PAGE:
Customer Value

How to Do a Customer Profitability Analysis

What is customer profitability 

Profitability is every businesses goal. Many factor can influence how attainable and sustainable it is, and one of those factors is your customer profitability. Customer profitability is far more than just the gross or net margin generated on a transaction or even their calculated lifetime value. A proper customer profitability analysis involves every touch point that customer has with your company, including customer service contacts, returns, custom fulfillment costs and more. 

Why measuring customer profitability is important 

Measuring customer profitability is a crucially important and can be an enlightening exercise. Once you build the framework, it should be easier to refresh annually, or as often as makes sense for your business. The significant value that you gain through this exercise is determining if certain customers are actually costing you money rather than making you money. In some instances, you could find that the customer group you thought was the most important could actually be of lower value to the company than others, which would incite a shift in overall strategy.  

If you’re wondering how some customers could be costing you money, it usually comes down to servicing costs. Do you have certain customers who call customer service frequently? Are there certain customers who have special requirements for fulfillment that cost more in labor and fulfillment costs? Or perhaps you offer customers free shipping and free returns, are there customers who are using that service too much? 

How to measure customer profitability 

The first step to measuring customer profitability is truly understanding your business and all of the places that a customer might interact with any area of your company. Beyond the actual product or service cost for what they buy from you, other costs might be:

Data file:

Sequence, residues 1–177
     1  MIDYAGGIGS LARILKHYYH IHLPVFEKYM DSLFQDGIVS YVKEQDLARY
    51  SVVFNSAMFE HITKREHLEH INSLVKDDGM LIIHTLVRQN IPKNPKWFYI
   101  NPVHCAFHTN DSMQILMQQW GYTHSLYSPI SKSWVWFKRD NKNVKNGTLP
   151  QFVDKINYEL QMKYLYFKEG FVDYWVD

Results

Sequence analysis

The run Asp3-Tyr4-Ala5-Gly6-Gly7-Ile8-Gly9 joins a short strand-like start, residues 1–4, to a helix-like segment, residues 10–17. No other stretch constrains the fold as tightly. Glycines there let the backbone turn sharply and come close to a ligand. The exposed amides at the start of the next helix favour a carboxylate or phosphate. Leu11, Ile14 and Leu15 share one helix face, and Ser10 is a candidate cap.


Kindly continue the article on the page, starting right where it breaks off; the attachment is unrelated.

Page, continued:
• Marketing costs 
  • Customer service contact costs
  • Social media contact costs 
  • Shipping costs (especially if you fund return shipping) 
  • Return costs, including restocking or refurbishing 

Once you have your list of all the ways customers can interact with your company, you’re ready to move onto Step 2. 

Step 2: Define your customer groups 

Some businesses have well-defined customer segments that could be based on size of business or business unit they buy from, or perhaps they are more behaviorally based from a segmentation exercise. If you don’t have these customer groups easily defined, you can define them now. Based on your business, what types of customers do you have and why do they buy from you? Even if you don’t have empirical evidence or a big 3rd party study to define these, you know your business and product(s) and can define these segments. 

Step 3: Find the Data 

Now onto Step 3 where you put on your detective hat, it’s time to search for the details and you’ll need help from colleagues in the business areas from Step 1. The first question is…do we have data? You probably have data, but is it tracked and accessible in an easy way?  

It’s unlikely you’ll find every piece of data tied to every single customer, usually things like customer service costs are lumped together as one expense as a line item in SG&A. But you can start putting more science to it. For example, do you track customer service interactions to the customer? It’s possible you could take a sample of customer service inquiries and determine the customer groups that might over-index in contacting you. The next question is why? The reasons for these costs, be it customer service contacts, returns or others will come in handy later.